Eczema treatment takes constant care and attention. Eczema is not one of those conditions that can be treated with a quick-fix pill. While some people can treat eczema by simply eliminating certain products from their skin care routines, others require a visit to a dermatologist. The American Academy of Dermatology says that getting a dermatologist's diagnosis is the first step to relief.
Fragranced products like lotions often contain alcohol or other chemicals that aggravate eczema. However, it's best to eliminate one product at a time to see what's causing your flare-ups. Do you really want to go without your favorite body wash if you don't have to?
People with eczema should take lukewarm showers. Hot water just exacerbates the condition by drying the skin. Eczema treatment requires excess moisture.
You may find you have to change your laundry detergent or lay off of the dryer sheets as they can easily aggravate skin conditions. Consider switching to a clear detergent that is free of fragrances and dyes.
Caffeinated and alcoholic beverages have also been known to trigger eczema. The combination of cold weather, heaters, and coffee in the winter is a recipe for disaster.
Elidel is a popular medication for long-term use in eczema treatment. There are several side effects to watch out for, but that is the case with almost all medications. It's not a cure, but it often does a good job at keeping eczema outbreaks at bay.
Hydrocortisone cream is good for short-term use. If you can clear your eczema up and get it under control within a few weeks, this will work. However, you may have to just use this as a starting point in the course of your eczema treatment. If used for extended periods of time, hydrocortisone cream can cause thinned skin.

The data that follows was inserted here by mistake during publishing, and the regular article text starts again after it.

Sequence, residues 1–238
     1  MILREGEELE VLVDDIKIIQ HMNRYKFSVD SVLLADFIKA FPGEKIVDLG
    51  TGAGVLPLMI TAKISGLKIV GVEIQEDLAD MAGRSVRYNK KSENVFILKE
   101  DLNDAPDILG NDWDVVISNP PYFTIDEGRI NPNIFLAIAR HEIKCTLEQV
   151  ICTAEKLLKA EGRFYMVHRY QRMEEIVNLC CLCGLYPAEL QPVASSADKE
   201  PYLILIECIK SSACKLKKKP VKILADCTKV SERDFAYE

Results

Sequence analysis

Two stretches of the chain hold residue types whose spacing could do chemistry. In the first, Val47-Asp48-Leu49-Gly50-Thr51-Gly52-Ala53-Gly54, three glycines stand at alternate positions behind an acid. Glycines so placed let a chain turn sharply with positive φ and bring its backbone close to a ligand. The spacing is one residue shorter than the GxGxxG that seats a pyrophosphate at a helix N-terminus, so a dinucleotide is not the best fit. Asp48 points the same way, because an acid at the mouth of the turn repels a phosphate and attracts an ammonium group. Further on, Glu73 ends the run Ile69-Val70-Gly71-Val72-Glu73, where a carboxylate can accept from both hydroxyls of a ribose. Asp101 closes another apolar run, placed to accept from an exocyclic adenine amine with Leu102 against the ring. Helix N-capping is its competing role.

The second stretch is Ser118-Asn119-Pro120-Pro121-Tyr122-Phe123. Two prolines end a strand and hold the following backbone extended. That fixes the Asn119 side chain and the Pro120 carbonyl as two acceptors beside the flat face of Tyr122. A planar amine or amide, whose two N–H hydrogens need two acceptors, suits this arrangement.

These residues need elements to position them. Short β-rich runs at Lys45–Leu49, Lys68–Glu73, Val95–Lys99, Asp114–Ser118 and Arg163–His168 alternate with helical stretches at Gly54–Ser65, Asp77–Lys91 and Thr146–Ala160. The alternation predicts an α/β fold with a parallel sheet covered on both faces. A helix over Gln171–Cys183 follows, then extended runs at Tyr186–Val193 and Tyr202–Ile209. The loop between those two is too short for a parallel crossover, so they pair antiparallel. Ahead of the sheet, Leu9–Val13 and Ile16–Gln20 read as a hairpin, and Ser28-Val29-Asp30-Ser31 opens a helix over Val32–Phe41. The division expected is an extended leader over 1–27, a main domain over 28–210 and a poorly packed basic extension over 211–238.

Aquaphor and Eucerin aren't really medications as much as very emollient products to heal your skin and lock in moisture. You don't need a prescription. These products can be found in drugstores. Put these on your body or face as needed. Use with caution on your face because they sometimes can clog pores and cause pimples. Try to limit use on your face to no more than once a day.
Choosing Skin Care Products
You should introduce only one product at a time to your skin care routine. If you have a flare-up, it'll be easier to pinpoint the problem than it would be if you were to add three things at once. If something helps your skin, you'll know what it is and save money on the other products. Otherwise, you may feel obligated to use a five-product concoction when all you really need is one thing.
Natural products are a safe bet when it comes to eczema treatment. Since there are fewer chemicals, there are fewer opportunities for a reaction. Read the ingredients of products to check them against your allergies or contact customer service to ask questions about what's right for you. A few places to check out for good ingredients and advice are Diana Yvonne, and Paula's
- Water is very important. Make sure you stay hydrated.
- Pat dry--don't rub--your skin after you shower.
- Don't exfoliate every day. Give your skin a break so it can heal.
- Make sure to moisturize within three minutes of stepping out of the shower or washing your face. This helps lock moisture into your skin. If you wait too long, the benefits of the moisturizer drastically decrease.
- Wear clothing that lets your skin breathe. Thick, scratchy fabrics like wool often give eczema the perfect opportunity to show its ugly face. Try to stick with airier fabrics like cotton for clothing that comes in direct contact with your skin.
Living With Eczema
According to KidsHealth.org, even children can develop eczema. It is estimated that one out of 10 people have some type of eczema. With effective medications and a decrease in stress, you should be able to limit this itchy, skin disease. The best way to control this skin problem is to monitor it and take action when it first appears. With attention and care, it is possible to live in comfort even with this uncomfortable disease.